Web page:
Masterplan

Time to Be King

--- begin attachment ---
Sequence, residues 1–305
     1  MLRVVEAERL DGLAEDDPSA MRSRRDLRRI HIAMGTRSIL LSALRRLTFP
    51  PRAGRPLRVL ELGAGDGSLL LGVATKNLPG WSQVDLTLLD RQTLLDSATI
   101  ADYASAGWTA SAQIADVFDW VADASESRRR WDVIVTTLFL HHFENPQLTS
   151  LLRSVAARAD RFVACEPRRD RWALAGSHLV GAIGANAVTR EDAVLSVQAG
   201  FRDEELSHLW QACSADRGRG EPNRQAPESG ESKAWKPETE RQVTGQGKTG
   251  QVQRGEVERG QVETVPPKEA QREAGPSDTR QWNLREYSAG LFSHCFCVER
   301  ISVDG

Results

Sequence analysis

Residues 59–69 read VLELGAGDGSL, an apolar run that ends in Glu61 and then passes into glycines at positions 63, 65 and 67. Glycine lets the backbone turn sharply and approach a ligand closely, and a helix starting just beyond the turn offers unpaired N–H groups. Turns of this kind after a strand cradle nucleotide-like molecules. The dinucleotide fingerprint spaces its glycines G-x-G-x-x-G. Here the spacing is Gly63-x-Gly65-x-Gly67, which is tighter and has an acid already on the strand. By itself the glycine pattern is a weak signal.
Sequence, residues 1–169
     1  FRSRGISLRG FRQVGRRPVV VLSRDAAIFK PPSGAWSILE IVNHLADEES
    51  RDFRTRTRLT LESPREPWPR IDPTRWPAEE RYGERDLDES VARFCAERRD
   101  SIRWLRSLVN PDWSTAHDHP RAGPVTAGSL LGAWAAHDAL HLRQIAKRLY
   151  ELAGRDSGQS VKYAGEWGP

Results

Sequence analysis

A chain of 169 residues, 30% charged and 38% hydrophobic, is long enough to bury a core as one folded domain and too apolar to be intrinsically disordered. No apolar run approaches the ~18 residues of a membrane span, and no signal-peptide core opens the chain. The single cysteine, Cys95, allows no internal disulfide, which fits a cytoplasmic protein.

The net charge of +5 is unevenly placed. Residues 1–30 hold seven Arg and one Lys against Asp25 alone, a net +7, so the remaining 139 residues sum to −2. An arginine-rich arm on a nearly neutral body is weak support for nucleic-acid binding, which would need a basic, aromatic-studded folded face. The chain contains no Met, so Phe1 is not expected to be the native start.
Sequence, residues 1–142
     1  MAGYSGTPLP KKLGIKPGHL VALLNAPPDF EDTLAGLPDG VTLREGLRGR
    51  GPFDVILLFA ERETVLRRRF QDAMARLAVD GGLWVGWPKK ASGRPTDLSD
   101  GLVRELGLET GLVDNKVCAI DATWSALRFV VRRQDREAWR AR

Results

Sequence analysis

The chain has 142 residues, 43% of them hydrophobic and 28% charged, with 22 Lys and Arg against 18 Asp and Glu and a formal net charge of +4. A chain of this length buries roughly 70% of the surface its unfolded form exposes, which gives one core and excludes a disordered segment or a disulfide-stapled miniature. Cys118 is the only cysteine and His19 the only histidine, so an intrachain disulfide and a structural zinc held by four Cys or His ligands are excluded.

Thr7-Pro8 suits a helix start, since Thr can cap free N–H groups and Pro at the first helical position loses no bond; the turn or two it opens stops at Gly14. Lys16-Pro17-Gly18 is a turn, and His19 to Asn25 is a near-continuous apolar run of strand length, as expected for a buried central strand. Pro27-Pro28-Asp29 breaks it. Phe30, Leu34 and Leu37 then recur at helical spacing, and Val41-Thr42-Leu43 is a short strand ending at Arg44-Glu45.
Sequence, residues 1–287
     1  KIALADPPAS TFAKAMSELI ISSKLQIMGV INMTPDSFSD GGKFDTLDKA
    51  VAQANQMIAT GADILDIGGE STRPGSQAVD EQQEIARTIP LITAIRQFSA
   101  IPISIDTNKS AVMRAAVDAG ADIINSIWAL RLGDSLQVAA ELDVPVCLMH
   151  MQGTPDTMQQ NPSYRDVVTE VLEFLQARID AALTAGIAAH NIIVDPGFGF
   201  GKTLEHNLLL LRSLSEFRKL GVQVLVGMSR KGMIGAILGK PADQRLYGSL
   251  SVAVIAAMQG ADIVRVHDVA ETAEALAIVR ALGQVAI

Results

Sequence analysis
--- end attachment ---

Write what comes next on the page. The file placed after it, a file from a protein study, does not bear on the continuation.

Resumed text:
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Virtually no one was foolish enough to dismiss Masterplan as a meager Helloween splinter group when it was founded in 2003 by exiting guitarist Roland Grapow and drummer Uli Kush -- especially because the duo were wise enough to recruit a similarly respected and experienced vocalist like Jørn Lande to front their efforts. But when both Lande and Kush quit due to growing musical differences following just two critically and commercially successful albums, the Masterplan ship was set adrift in a sea of uncertainty, no matter how respectable their subsequent efforts (2007's Lost and Gone EP and MK II album) behind next singer Mike DiMeo, who was merely on loan from Riot, after all. And so, Lande's return in time for Masterplan's fourth album, 2010's Time to Be King, would seem to be a win-win proposition by any measure, wouldn't it; as good as a victory lap for Lande and Grapow (Kush stayed away, incidentally) to bask in the spotlight of their unquestioned, virtuosic talents? Well, surprise, surprise, although both men hardly disappoint in their respective functions, it's actually keyboard player Axel Mackenrott who steals the show here, thanks not only to his equally accomplished musicianship, but primarily his deft arrangements and impeccable taste for giving each song exactly what it calls for. Whether orchestrating a rousing synth-enhanced mid-section for the title track, combining disconcerting piano tickling with synthesizer flourishes for "The Sun Is in Your Hands," or simply framing his bandmates' parts with alternately complementary or contrasting backdrops, Mackenrott's contributions often "make" these songs; and thus bear the greatest responsibility for pushing what might have been a good, but still quite predictable melodic, power metal album to the next level. When did you ever expect to hear that in relation to a heavy metal album? And mind you, this in no way reflects poorly on either Masterplan or Time to Be King's power metal credentials (this is hardly heavy metal's most extreme or inventive subgenre, anyway), but rather makes both more interesting due to the unlikeliest person in the studio. Masterplan's fans will no doubt take this as a win-win situation.

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